Kevin Drum says he doesn’t see why the sale of operations of six American ports to Dubai Ports World, a shipping company owned by the United Arab Emirates, is such a scandal. After all, the company wouldn’t even be handling port security in those ports; the Coast Guard and U.S. Customs and Border Security would. Plus, over 30 percent of this country’s port terminals are already operated by foreign companies anyway. And DPW already does this sort of thing in ports all over the world, and other countries seem okay with that. Okay, I’ll buy all that.
But The Nation‘s John Nichols, meanwhile, asks an interesting question: Why are ports run by corporations at all? Shouldn’t this sort of vital national infrastructure be operated and run by the government? Well, my understanding here is that ports are run by the government, mostly: port operations (i.e., moving ships in and out of terminals) are handled by corporations, true, but the regulatory apparatus (i.e., security, customs, licensing, etc.) is handled by the state, and all major U.S. ports are owned by public port authorities, which oversee development, construction, port policies, etc.
Occasionally there’s a move afoot to completely privatize the ports, but the current model remains. It’s also the model in 90 percent of the world’s major ports. There’s one major exception, though: In 1983 the United Kingdom under Margaret Thatcher completely privatized the Associated British Ports. According to a World Bank report, the results were mixed, and “sale of either port land or regulatory duties and responsibilities to the private sector has a particularly dubious connection with improved port efficiency.” It’s also true that the fire sale decimated union representation in the docks (every port in Britain today is non-union), although the Bank seemed to see that as a good thing, naturally.
The World Bank study argues that partial privatization of ports—that is, the current U.S. model—is the way to go, with regulatory functions staying in the hands of the state and operations handled by private companies. (The land itself can be sold to corporations, but it doesn’t seem like this has as big an effect on investment and development as one might think.)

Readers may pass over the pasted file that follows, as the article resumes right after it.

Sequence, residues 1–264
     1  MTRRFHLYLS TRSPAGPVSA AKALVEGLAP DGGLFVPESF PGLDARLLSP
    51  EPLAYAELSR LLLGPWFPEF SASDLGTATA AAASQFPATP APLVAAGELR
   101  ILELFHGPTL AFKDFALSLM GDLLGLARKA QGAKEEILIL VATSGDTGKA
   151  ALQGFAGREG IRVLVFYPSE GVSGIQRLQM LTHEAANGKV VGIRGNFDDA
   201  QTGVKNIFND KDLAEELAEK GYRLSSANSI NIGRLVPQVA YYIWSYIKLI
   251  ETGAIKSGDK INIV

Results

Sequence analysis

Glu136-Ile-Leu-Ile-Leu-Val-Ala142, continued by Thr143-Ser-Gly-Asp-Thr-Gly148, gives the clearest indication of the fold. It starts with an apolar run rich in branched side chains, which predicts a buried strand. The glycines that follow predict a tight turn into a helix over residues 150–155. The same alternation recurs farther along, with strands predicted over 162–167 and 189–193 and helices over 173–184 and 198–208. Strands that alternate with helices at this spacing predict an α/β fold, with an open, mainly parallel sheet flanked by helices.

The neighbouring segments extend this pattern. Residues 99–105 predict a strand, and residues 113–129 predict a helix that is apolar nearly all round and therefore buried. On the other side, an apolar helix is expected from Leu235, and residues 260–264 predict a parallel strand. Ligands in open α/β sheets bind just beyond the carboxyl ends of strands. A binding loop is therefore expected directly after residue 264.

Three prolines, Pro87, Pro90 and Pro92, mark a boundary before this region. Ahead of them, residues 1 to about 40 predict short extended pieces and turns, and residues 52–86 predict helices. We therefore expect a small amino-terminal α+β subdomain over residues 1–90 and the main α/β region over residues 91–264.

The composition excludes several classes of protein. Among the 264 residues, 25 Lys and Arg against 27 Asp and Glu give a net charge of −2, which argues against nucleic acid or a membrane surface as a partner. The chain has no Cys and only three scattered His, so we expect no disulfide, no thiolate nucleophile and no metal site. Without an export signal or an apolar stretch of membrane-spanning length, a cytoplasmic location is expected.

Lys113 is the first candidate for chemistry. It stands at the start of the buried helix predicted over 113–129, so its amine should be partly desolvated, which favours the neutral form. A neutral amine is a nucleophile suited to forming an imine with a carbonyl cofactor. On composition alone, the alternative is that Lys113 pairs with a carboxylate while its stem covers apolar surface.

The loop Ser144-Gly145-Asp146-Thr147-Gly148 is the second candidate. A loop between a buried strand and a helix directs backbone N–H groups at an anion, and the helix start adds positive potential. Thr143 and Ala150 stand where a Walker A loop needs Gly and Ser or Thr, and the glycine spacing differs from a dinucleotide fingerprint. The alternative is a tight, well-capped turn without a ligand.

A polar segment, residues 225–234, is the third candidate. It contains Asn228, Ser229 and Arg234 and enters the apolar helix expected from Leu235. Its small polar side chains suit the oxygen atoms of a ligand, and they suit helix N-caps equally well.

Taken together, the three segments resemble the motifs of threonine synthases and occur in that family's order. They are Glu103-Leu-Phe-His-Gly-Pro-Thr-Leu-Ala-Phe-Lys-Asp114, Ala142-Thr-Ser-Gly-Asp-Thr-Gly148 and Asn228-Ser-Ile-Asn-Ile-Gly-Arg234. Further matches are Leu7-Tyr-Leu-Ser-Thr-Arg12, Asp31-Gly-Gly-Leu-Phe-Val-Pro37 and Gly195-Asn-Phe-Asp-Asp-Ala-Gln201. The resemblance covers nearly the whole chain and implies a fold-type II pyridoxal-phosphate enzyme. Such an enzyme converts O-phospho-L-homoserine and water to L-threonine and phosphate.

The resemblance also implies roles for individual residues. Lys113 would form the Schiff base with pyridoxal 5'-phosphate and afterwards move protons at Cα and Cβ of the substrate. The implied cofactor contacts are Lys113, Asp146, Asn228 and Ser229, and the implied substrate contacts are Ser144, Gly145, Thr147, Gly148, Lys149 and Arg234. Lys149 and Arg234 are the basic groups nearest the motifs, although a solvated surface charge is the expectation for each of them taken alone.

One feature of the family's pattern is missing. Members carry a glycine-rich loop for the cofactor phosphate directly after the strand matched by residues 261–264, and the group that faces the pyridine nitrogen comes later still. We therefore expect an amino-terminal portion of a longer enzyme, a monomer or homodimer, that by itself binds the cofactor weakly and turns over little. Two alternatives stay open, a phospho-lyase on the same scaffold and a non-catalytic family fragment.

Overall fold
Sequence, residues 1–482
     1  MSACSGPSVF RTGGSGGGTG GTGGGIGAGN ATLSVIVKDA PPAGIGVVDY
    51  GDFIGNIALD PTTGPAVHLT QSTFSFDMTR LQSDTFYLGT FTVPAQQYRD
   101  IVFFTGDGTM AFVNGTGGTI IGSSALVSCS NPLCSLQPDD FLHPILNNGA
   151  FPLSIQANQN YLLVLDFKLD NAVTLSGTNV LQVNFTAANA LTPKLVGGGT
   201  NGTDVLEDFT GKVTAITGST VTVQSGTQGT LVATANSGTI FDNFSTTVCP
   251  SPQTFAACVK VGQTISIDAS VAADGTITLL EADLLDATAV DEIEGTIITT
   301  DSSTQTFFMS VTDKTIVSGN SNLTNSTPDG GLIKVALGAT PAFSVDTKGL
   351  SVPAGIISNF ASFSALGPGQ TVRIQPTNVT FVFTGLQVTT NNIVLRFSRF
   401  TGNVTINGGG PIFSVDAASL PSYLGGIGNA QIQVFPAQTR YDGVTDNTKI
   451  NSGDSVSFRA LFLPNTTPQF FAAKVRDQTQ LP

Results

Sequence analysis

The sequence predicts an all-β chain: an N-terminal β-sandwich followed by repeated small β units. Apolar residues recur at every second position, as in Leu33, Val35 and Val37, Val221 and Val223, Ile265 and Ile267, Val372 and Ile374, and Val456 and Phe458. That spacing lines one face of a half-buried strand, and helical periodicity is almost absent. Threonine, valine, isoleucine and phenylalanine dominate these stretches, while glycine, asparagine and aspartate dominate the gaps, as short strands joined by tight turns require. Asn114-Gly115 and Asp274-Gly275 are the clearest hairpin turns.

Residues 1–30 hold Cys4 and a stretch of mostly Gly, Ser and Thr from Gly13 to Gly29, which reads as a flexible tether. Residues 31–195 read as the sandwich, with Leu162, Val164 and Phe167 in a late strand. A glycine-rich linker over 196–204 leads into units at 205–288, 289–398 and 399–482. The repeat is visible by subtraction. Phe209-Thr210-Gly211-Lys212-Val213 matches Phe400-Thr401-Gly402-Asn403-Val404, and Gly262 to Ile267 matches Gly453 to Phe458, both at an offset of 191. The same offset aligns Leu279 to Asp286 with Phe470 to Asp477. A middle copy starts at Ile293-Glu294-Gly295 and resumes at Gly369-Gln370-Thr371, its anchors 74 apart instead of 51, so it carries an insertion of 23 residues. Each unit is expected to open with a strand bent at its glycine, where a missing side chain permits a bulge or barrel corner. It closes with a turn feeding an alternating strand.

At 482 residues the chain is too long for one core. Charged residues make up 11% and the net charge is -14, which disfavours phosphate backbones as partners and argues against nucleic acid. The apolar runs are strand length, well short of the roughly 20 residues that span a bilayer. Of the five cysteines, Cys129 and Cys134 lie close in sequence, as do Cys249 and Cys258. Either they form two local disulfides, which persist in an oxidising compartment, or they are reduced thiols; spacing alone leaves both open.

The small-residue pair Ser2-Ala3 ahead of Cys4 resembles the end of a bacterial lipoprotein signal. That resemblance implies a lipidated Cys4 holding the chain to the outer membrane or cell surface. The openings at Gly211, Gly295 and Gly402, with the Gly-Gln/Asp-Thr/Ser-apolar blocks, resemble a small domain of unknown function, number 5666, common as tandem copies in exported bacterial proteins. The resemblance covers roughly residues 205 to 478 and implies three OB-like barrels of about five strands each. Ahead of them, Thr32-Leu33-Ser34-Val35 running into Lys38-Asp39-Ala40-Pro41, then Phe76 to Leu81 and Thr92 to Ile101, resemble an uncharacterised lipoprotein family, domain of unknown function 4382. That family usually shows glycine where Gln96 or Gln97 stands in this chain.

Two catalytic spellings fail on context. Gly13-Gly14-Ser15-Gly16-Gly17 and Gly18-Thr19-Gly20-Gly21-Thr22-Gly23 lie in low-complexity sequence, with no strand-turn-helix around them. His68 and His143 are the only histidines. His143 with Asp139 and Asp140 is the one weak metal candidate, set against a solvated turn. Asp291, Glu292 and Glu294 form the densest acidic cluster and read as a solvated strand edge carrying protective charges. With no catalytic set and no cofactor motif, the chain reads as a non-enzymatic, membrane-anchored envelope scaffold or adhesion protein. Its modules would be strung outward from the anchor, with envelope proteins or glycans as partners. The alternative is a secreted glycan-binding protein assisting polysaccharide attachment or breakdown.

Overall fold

According to the World Bank, in 1999 only 7 of the world’s top 100 ports were completely state-owned anyway, mainly in Israel, Singapore, and South Africa, and these ports are all going to start partially privatizing soon enough. It’s not clear that there’s any significance one way or the other; privately-run ports aren’t always that much more efficient, but it’s also not clear that they’re that much more unsafe. (They are almost certainly worse for unions, which in my mind is a major downside.) Still, I’m not sure Nichols has spotted the scandal he thinks he has. I’d be happy to hear otherwise, though.
Back to the UAE scandal. It also seems like the administration has broken the law by not doing a mandatory 45-day review of the DPW deal. It would be nice if we lived in an age where illegal activities on the part of the president actually mattered, but it doesn’t seem so. Admittedly it’s not entirely unpleasant watching the president get attacked by Republicans hopped up on the very war-on-terror hysteria he helped create. Although I’d rather we didn’t have the hysteria in the first place, I guess.
I’d also be curious to know if there’s anything to David Sirota’s suggestion that the DPW deal was the Bush administration’s way of buttering up the UAE for further free trade talks. And why is the president ready to use the first veto of his administration to protect the UAE? It seems shady enough that he doesn’t really warrant a pass here.